Warner Bros. and Microsoft have joined forces to archive a copy of “Superman: The Movie” on a small glass disc as a first test case for a new storage technology.
According to Variety, the coaster sized glass disc, which will be unveiled at Microsoft’s Ignite 2019 conference in Orlando, Florida, could eventually safeguard Hollywood’s films and television shows (as well as many other forms of data) for centuries to come.
Why was “Superman: The Movie” chosen as the first test case for this new technology? Brad Collar, who is leading these efforts at Warner Bros. as the studio’s senior vice president of global archives and media engineering, explains that he was intrigued upon hearing about Microsoft’s technology as it sounded much like old audio recordings in Warner’s archives which were being stored on glass discs slightly larger than regular vinyl records.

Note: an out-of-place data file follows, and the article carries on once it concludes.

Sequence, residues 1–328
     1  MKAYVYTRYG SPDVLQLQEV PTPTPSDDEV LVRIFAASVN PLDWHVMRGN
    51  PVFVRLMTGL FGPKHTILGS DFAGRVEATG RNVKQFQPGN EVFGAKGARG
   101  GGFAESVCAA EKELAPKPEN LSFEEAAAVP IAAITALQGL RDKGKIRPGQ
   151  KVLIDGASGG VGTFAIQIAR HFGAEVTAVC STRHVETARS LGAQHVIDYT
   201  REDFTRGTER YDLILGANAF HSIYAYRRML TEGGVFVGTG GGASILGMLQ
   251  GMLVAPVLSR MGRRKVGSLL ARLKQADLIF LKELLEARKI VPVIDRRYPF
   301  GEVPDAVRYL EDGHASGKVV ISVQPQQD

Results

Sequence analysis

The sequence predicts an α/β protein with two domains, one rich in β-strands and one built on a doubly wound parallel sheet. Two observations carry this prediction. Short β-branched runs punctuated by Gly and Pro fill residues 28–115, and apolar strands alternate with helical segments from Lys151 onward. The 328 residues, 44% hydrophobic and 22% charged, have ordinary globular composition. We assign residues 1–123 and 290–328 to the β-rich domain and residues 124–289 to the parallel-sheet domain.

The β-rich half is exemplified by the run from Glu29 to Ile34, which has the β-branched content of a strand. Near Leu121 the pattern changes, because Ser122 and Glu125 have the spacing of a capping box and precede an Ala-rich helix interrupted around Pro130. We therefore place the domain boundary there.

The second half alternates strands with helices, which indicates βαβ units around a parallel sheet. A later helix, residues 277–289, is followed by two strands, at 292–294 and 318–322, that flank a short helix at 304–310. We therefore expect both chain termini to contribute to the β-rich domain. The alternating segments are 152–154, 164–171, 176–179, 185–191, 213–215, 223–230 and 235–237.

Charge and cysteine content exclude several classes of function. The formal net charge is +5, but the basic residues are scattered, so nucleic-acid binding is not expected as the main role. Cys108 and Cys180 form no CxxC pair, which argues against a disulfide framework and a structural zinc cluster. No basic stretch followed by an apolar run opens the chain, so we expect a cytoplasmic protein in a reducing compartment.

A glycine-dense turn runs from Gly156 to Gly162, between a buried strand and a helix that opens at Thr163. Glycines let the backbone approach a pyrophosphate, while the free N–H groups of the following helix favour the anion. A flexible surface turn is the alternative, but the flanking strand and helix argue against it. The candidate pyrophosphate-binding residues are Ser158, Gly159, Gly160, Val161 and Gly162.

His team had to first find special players to access the recordings, but was then able to digitize them, unlocking a “Superman” radio play from the 1940s. So when the Warner started talking to Microsoft about collaborating on Project Silica, it was immediately clear that “Superman” was the right film to store on glass. Said Collar: “It’s a beautiful full circle.”
Microsoft’s approach is based on very different technology than what was used by 1940s-era archivists. Project Silica relies on lasers similar to those used for Lasik eye surgeries to burn small geometrical shapes, also known as voxels, into the glass. “We can encode multiple bits in each voxel,” explained Rowstron. And unlike traditional optical media like CDs or DVDs, Project Silica actually encodes data in multiple layers. Microsoft used 74 such layers to capture “Superman” in glass, but has since advanced the technology to add many more layers.